Child labour remains problem in cocoa-producing countries

Child labour remains problem in cocoa-producing countries

Cadbury owner Mondelez International has pledged US$400m to try to improve the lives of cocoa farmers and, crucially, help shore up future supplies of the commodity. The investment is the latest by a number of suppliers and, while their work should be welcomed, the use of child labour in cocoa farming remains a tough nut to crack.

Mondelez has launched Cocoa Life, a programme that will try to achieve a number of challenging targets - boost cocoa yields, promote the protection of the local environment and reduce the use of child labour in farming the crop.

Speaking at the World Cocoa Conference in Cote d'Ivoire, the world's largest producer of cocoa, Tim Cofer, president of Mondelez's European operations, described Cocoa Life as "a distinctive, holistic approach to cocoa sustainability that will create a cycle of growth from bean to bar".

He added: "Our mission is to create thriving cocoa communities and help secure the future of the cocoa industry."

The money flowing into cocoa-producing countries (Mars and Nestle are two other major global chocolate makers that are putting up cash in Africa) has two aims.

Effective campaigns by NGOs have raised awareness among consumers of the use of child labour in chocolate production and brand owners have reacted by pledging to tackle the problem.

Second, the recent volatility in cocoa prices underlines the business case for investing to create a more sustainable cocoa sector with better yields.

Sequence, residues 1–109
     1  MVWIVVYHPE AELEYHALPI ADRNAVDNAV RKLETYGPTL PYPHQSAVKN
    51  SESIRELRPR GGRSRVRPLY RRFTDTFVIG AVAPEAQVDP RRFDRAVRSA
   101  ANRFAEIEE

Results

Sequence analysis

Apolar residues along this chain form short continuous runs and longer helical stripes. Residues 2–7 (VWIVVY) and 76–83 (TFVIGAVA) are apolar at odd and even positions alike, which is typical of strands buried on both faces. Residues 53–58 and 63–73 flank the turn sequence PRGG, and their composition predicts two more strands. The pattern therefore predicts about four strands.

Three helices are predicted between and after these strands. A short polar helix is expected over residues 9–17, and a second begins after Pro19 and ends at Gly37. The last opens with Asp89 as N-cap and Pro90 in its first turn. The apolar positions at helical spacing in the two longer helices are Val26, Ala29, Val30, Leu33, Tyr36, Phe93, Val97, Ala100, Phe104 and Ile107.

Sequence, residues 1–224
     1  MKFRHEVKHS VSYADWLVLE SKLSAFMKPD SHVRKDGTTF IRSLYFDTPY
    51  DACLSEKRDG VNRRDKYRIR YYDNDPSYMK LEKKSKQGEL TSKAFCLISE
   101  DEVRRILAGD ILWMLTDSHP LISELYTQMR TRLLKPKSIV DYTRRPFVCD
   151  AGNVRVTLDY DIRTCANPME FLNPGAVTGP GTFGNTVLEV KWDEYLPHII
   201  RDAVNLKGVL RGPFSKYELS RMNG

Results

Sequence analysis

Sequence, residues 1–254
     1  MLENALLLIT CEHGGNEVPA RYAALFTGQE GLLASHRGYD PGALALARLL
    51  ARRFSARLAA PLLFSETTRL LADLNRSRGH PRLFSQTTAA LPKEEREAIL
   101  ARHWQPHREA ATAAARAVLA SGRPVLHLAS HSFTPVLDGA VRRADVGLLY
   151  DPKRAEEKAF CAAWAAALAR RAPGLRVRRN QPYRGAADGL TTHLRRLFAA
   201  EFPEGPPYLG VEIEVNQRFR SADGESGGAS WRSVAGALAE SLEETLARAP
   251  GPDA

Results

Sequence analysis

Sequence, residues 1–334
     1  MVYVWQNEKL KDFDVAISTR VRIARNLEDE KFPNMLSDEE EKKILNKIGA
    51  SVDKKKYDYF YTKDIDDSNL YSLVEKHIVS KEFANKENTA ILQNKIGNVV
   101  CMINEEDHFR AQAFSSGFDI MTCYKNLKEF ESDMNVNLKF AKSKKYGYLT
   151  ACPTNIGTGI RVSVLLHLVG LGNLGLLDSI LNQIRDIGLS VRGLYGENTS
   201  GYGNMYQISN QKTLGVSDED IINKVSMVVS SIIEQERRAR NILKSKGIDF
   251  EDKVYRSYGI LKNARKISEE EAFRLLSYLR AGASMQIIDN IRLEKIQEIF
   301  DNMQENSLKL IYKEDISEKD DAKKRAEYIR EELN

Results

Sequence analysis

Programmes like Mondelez's Cocoa Life will, so the argument goes, help teach farmers how to better cultivate cocoa, improve yields and their returns for the crop and so discourage them from switching into other commodities. A more stable supply for processors means less volatility in cocoa prices.

Companies like Mondelez, aware they are operating in the glare of public scrutiny (and no doubt run by executives moved by the plight of children used on farms), also seek to discourage farmers from using such labour. Improve returns and the need for children to work farms diminishes.

Improving yields, protecting the environment and reducing the use of child labour are just three elements of what the industry calls a sustainable cocoa sector. And perhaps it is the third element that will be the toughest to achieve.

The industry will need to grasp the nettle on this issue to really make cocoa sustainable and, as such, announcements from the likes of Mondelez should be welcomed.

However, we need to look to Nestle for perhaps the most progressive work on child labour. In June, an investigation into Nestle's supply chain (set up by the food giant itself) found "numerous violations" of the company's "labour code" and publicly confirmed child labour was being used.

Nestle's work should be applauded. It has the potential to act as a catalyst for other players in the cocoa and chocolate sector to look into their own supply chain.

Indeed, labour activists hope cocoa giants like Cargill and Archer Daniels Midland - key players in the whole supply chain - could be encouraged to follow Nestle's example and make further progress on what many have long seen as an intractable issue.

Processors like Cargill are making some strides. The agribusiness giant has launched a training programme for farmers in Cameroon, for example.

However, creating a truly sustainable cocoa sector will, as Mars pointed out last month, require billions of dollars of investment across the industry - and require competitors to work together as well as with other stakeholders - to really make lasting progress.